Pairing typefaces is an art. It's also trial and error. There are basic rules to follow, but all fonts should be tested in realistic scenarios to ensure they coordinate with each other and the overall look of your brand. There are online generators like Fontjoy that offer font pairings that you can click through to easily decide on a style that suits your aesthetic. Once you find a style you like, you can fine-tune by researching typefaces that have similar characteristics—be sure to consider all the tips below as you decide.
Things to consider when pairing fonts:
Brand Elements: Consider your brand promise, persona, tone of voice, and visual elements when selecting font styles. You’ll want to choose something that is a true reflection of your brand personality.
Audience: Who is your audience? What impression do you want to present to your audience? Does a themed display font make sense for your brand?
Competition: What are your competitors doing? You don’t want to be too similar, especially with logos and headline type. Weight and horizontal spacing can make all the difference.
Practicality: Some fonts are popular for a reason. Helvetica is a familiar typeface that many brands use. It's clean, legible, and versatile. Don't choose it just because it's an easy choice, but don't discount it just because it's popular. Make sure your brand still has personality.
Quantity: For a brand standard, you should keep your typeface selection to 2-3 fonts maximum. Specialty fonts can be added for particular campaigns when you need content to act like a “violator” of the brand standard.
Font Proportions: Consider the future. Try to choose typefaces with a variety of weights and widths to offer flexibility—this helps if you're feeling constricted with the previous 2-3 font suggestion. Light, book, medium, semibold, bold, heavy, black, extended, condensed, compressed are all weights that should be considered when choosing a typeface for your brand. Some typefaces have more variety than you'd know what to do with—don't feel like you need to use them all, they just allow room to grow.
Variety: Limit decorative or themed fonts—you need a more basic font to support without competing for the limelight. Coca-Cola is a handwritten cursive font and their slogans and web presence use various weights of the same clean, modern sans-serif.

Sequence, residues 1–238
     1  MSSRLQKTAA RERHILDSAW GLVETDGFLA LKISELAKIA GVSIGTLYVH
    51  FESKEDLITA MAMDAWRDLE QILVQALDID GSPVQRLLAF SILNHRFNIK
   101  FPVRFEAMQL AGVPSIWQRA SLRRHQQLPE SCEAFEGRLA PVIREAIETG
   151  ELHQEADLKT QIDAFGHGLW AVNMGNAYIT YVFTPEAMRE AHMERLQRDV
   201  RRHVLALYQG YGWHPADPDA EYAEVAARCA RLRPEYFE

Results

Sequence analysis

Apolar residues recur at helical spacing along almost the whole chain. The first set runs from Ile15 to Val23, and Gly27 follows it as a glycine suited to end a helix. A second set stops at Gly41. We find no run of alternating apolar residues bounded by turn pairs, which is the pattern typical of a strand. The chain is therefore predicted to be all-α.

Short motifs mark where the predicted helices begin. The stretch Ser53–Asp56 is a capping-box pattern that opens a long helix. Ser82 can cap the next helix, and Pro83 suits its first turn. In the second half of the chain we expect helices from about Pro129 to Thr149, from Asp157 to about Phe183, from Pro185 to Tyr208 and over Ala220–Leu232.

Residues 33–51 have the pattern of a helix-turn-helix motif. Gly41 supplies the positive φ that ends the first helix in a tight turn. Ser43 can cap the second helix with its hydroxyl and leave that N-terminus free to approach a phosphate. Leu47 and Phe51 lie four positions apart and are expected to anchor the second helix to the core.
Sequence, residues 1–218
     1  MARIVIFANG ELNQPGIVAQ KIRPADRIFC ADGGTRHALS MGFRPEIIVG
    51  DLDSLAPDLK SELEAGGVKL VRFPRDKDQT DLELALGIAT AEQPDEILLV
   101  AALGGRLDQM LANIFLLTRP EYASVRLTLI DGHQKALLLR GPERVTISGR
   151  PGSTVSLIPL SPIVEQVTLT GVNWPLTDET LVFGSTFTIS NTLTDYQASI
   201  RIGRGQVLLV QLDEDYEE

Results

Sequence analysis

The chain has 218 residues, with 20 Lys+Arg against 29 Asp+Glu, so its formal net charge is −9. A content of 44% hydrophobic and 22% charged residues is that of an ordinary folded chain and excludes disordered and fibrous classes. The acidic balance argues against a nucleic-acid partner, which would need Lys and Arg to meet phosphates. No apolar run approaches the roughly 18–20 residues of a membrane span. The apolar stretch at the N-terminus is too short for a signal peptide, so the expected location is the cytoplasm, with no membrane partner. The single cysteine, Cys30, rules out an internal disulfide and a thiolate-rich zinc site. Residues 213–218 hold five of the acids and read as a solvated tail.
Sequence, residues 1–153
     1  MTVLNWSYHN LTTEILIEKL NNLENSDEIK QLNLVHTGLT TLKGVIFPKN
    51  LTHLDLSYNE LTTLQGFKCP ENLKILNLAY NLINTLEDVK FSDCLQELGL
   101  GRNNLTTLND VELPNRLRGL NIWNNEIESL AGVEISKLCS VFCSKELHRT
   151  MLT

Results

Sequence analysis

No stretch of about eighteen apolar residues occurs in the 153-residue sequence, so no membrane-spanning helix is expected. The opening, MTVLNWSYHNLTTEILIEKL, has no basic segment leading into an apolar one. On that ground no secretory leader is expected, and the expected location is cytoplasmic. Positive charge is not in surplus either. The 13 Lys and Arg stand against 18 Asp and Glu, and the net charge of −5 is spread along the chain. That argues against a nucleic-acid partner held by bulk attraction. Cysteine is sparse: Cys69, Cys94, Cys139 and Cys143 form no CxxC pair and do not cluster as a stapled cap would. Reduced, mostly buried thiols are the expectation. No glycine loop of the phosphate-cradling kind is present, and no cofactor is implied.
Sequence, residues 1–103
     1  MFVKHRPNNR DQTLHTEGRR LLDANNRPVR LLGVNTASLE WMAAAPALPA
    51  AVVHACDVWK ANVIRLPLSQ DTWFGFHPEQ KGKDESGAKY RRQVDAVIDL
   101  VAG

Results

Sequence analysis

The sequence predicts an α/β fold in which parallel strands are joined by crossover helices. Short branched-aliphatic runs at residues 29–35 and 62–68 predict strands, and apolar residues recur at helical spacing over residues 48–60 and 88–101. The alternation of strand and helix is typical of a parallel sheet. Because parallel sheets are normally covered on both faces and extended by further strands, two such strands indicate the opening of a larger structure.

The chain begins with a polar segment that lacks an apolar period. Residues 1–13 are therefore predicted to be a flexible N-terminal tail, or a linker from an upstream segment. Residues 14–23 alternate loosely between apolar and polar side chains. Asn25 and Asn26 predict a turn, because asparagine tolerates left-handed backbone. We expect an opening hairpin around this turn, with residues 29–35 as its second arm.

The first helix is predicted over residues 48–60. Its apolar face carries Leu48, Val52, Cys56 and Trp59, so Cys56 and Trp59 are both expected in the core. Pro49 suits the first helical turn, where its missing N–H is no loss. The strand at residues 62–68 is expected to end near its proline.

Font Size: In addition to weights, font size can play a crucial role in typographical hierarchy. This is another area where you may need to see sizes in context to ensure proper hierarchy and readability.
Web Fonts: There are limitations to the fonts that can be used online, so don't expect that fonts selected for packaging and print will have an exact match on your website. Webfonts are designed with screen viewing in mind. Legibility and readability are key to keeping your audience engaged when reading online, particularly with mobile devices. To keep your brand image consistent, decorative display type like logos will need to be placed images instead of live type. But keep placed "type as art" to a minimum because you lose any SEO advantage when the content is not live type.
Copyright: Ensure you have the proper licensing for your fonts. Some fonts are free for personal use but require payment for commercial use. Using a font without appropriate permissions can incur legal action and fines. Do your homework upfront to prevent issues down the road.
Brand Fonts: Making the Right Choice
Choosing visual brand elements can be an exciting, yet overwhelming process. Think about how you want your brand to be perceived. Use that goal and the key points outlined above to select fonts that will represent your brand to the fullest. Be thoughtful about your choices and have fun.